Turing - Syntax for Compositional Gibbs

Hi everyone,

I just finished reading the paper for the Julia Turing module and went through your tutorials – looks really great, congratulations! I did not find a specific forum for it, so I post my question here:

In your tutorials, you have a HMM example included here: https://turing.ml/tutorials/4-bayeshmm/

I will abuse notation a bit and not include indices. You have some evidence e, and want the joint posterior of parameter \theta=\{m,T\} and state trajectories s, P(\theta, s | e). You initialize the sampler via the command:

g = Gibbs(1000, HMC(2, 0.001, 7, :m, :T), PG(20, 1, :s) )

Now, my actual question. I really like your concept of compositional Gibbs, and this sampler runs really well, but what you really do there is running a Particle Gibbs algorithm via (1) particle filtering the states s and (2) jointly sampling \theta via HMC + correction step. It cannot be a Gibbs sampler as you use a particle approximation for the trajectory, and as you only use 20 particle trajectories, I don’t think you apply any form of correction here because your chain is never stuck and works perfectly fine for this example.

I kind of get that you want to unify the commands you need to know for inference, but this looks kind of weird, because you call PG inside the Gibbs sampler, but at the end you perform Particle Gibbs, not a Gibbs sampler, right? They are really different beasts. I have seen that you have a SMC.jl file inside your Turing module, wouldn’t it make much more sense to write something like this for state space models:

g = PG( YOUR_SMC_METHOD(:s,…), YOUR_MCMC_METHOD(:theta,…) )
#or more general
g = ParticleMCMC( YOUR_SMC_METHOD(:s,…), YOUR_MCMC_METHOD(:theta,…) )

Apologies if I somehow misinterpreted it, and thank you for your input!

Best regards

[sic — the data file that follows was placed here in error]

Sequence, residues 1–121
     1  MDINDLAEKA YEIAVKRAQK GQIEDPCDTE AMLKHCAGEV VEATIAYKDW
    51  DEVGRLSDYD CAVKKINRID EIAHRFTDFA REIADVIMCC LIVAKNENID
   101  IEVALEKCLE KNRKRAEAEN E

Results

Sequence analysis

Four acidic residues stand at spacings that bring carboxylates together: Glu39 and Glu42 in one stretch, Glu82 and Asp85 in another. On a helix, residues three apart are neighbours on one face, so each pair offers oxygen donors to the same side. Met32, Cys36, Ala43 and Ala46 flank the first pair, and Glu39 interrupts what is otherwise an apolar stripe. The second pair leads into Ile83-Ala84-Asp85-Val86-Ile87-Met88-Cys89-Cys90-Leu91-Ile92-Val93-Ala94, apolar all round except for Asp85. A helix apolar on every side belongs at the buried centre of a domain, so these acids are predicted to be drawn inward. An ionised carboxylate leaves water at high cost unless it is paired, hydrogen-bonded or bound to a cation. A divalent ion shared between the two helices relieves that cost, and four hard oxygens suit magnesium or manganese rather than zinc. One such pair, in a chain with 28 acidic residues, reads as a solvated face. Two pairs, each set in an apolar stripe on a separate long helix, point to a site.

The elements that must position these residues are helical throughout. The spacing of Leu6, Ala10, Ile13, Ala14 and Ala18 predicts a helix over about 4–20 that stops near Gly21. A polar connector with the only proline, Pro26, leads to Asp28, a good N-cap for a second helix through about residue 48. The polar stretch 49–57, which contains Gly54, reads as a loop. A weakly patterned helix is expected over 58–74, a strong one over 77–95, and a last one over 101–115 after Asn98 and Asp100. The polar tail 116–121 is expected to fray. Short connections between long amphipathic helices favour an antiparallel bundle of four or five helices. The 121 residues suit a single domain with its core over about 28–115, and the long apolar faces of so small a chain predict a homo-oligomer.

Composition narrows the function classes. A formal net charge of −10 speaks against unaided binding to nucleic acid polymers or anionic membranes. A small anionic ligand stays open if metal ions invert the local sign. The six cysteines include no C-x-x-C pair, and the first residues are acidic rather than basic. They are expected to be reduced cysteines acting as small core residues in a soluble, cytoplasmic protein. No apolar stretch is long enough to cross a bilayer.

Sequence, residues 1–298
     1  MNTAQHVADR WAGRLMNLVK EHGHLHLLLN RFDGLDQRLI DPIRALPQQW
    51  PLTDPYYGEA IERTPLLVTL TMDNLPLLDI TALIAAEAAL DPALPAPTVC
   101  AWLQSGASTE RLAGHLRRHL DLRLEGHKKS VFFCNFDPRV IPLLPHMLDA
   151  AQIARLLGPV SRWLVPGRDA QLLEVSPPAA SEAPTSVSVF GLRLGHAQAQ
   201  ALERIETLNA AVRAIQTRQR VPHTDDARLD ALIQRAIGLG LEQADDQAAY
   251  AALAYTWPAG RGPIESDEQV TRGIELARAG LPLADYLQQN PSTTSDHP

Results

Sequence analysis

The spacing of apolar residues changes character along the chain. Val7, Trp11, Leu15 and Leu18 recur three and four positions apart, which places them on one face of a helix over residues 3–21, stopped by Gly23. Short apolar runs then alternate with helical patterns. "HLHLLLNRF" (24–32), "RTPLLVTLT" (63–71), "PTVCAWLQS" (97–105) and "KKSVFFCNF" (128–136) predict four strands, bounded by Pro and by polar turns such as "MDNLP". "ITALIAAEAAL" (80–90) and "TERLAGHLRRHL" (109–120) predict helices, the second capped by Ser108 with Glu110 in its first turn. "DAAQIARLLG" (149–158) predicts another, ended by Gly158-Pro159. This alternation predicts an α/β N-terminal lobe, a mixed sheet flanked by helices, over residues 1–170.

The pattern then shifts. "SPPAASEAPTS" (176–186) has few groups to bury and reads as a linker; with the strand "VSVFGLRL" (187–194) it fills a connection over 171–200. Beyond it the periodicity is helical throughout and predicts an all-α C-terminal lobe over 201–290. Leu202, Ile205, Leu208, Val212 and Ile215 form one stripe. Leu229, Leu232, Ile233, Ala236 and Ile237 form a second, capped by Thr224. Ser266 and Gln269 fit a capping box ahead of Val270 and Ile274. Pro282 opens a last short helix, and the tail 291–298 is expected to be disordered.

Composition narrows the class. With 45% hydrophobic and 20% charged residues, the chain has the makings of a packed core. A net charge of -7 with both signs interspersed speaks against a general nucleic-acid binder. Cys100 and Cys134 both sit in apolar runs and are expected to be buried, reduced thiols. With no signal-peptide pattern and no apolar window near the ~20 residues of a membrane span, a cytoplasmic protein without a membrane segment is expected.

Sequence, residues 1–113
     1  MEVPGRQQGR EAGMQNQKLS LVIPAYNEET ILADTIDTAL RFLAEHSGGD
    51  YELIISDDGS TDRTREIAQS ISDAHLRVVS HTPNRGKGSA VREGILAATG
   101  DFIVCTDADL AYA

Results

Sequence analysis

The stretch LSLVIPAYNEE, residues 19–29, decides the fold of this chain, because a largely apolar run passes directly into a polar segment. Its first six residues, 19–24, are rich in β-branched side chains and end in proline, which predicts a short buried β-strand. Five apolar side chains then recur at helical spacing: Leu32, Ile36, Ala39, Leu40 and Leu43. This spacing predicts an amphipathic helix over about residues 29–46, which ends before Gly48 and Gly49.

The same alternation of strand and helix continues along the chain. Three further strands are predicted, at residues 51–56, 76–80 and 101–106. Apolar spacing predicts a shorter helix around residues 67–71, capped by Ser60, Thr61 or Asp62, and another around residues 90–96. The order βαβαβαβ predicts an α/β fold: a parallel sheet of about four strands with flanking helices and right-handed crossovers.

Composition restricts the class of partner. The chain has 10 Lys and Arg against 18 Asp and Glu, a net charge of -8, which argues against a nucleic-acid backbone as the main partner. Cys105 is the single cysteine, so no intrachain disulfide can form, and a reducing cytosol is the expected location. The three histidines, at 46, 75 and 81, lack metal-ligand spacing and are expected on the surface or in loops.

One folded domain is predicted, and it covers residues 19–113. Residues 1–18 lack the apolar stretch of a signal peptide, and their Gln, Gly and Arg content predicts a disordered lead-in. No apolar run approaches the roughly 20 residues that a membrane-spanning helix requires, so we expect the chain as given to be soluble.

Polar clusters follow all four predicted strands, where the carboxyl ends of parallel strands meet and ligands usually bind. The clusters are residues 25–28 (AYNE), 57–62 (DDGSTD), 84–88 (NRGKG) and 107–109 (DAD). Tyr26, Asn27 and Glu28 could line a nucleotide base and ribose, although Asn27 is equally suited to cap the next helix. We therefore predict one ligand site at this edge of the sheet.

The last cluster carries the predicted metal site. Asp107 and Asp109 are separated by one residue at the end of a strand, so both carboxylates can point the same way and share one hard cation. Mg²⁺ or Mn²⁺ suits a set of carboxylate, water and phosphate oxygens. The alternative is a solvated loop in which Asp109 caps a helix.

Edit: Just to clarify - the sampler worked perfectly fine, I just wonder about the syntax when you combine various MC methods.

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I’m not actually sure here about the terminology, but I can tell you exactly what’s going on under the hood.

Let’s take the above case:

g = Gibbs(1000, HMC(2, 0.001, 7, :m, :T), PG(20, 1, :s) )

For each Gibbs step, the sampler will do the following:

  1. Ask HMC to update its parameterizations of :m and :T.
  2. Ask PG to update its parameterizations of :s.
  3. After both subsamplers run, bundle up the total updates and store that as a sample.

I think probably one of the more academic membersof the Turing team (@Kai_Xu @yebai or maybe @trappmartin) could speak as to how the language fits in here, but that’s really the gist of what’s happening under the hood.

My understanding is that this is similar to how Metropolis-within-Gibbs functions, but I could be wrong here.

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My understanding is that this is similar to how Metropolis-within-Gibbs functions, but I could be wrong here.

That’s correct - PG (aka conditional SMC) can be viewed as a MH kernel that always accept (similar to slice sampling). It can get stuck (or sticky) when particle degeneracy is severe. To understand this better, try to use 2 particles for PG, and see what might happen.

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PS. I agree that the sampler name PG is not very accurate. We can consider renaming it to cSMC (i.e. conditional SMC), to match the terminology in the literature. See

Andrieu C, Doucet A, Holenstein R. Particle Markov chain Monte Carlo methods. J R Stat Soc Series B Stat Methodol. Wiley Online Library; 2010;72: 269–342.

Andrieu C, Lee A, Vihola M. Uniform Ergodicity of the Iterated Conditional SMC and Geometric Ergodicity of Particle Gibbs samplers [Internet]. arXiv [math.PR]. 2013. Available: http://arxiv.org/abs/1312.6432

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Thanks to both of you for your explanation!

Maybe it is because the field is still relatively new and not clear cut - but I would understand something different between Particle Gibbs and conditional Sequential Monte Carlo, with conditional SMC just being part of a Particle Gibbs algorithm, and that might be the main source of confusion. I will take a look at the source code to get a better insight.